DUBLIN, Ohio (AP) Twenty years separated two images of Jack Nicklaus, both meaningful in their own way to K.J. Choi.
Nicklaus was the champion who filled every page of a pictorial instruction book that Choi studied religiously as a teenager in South Korea, a gift from his physical education teacher who encouraged him to pursue a career in golf.
"As I started reading it, I could understand why he was such a great golfer, because all the things that were written really started to make sense,'' Choi said. "That's how I really got into golf, by reading the book.''
Nicklaus was the tournament host at the Memorial who stood behind the 18th green Sunday afternoon with a proud smile and hearty handshake for Choi, who closed with a 7-under 65 for a one-shot victory over Ryan Moore.
"Thank you, Jack,'' Choi said to him.
Indeed, it was a textbook performance.
Choi finished off his string of four birdies on the front nine with a 7-iron he carved around the trees lining the right side of the ninth fairway into 8 feet.
"A cut shot, Jack-style,'' Choi said with a laugh.
Then came a series of pars that were equally significant, all made with clutch putts. Choi took only 12 putts on the back nine, finishing with a 7-foot par save from the bunker on the 16th, a 15-foot par save from the gallery behind the 17th green, and a tricky 5-foot save from the bunker on the 18th hole that ultimately gave him his fifth career victory on the PGA Tour.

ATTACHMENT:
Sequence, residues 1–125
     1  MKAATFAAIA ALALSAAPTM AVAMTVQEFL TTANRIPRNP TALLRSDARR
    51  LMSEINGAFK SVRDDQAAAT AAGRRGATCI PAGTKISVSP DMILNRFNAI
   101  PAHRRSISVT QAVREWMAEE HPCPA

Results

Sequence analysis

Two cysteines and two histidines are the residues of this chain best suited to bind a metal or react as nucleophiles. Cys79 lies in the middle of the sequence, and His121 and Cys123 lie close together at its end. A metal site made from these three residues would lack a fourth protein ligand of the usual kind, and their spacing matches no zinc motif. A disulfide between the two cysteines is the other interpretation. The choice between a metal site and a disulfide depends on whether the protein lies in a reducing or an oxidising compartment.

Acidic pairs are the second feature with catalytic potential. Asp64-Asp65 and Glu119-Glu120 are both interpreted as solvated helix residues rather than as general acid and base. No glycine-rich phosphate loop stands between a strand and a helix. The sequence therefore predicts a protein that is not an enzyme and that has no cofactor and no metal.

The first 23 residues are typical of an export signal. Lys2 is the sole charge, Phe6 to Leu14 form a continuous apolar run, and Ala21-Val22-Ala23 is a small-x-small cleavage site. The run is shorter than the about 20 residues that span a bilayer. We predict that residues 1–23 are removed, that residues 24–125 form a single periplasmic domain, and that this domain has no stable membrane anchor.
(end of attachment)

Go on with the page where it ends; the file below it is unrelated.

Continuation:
Considering the host and the history, it was by far his biggest.
"I just feel very honored and very happy to be living in the same time as Jack is living, and to win his tournament is so meaningful to me,'' Choi said. "I can only think that this was meant to be.''
It certainly wasn't for those trying to catch him.
Rod Pampling had a three-shot lead going into the final round, which was delayed an hour in the morning when rain pounded Muirfield Village. He made a late bid with a 30-foot eagle putt on the 16th hole to get within one shot, then promptly fired his approach on the 17th over the green and into the gallery, taking bogey.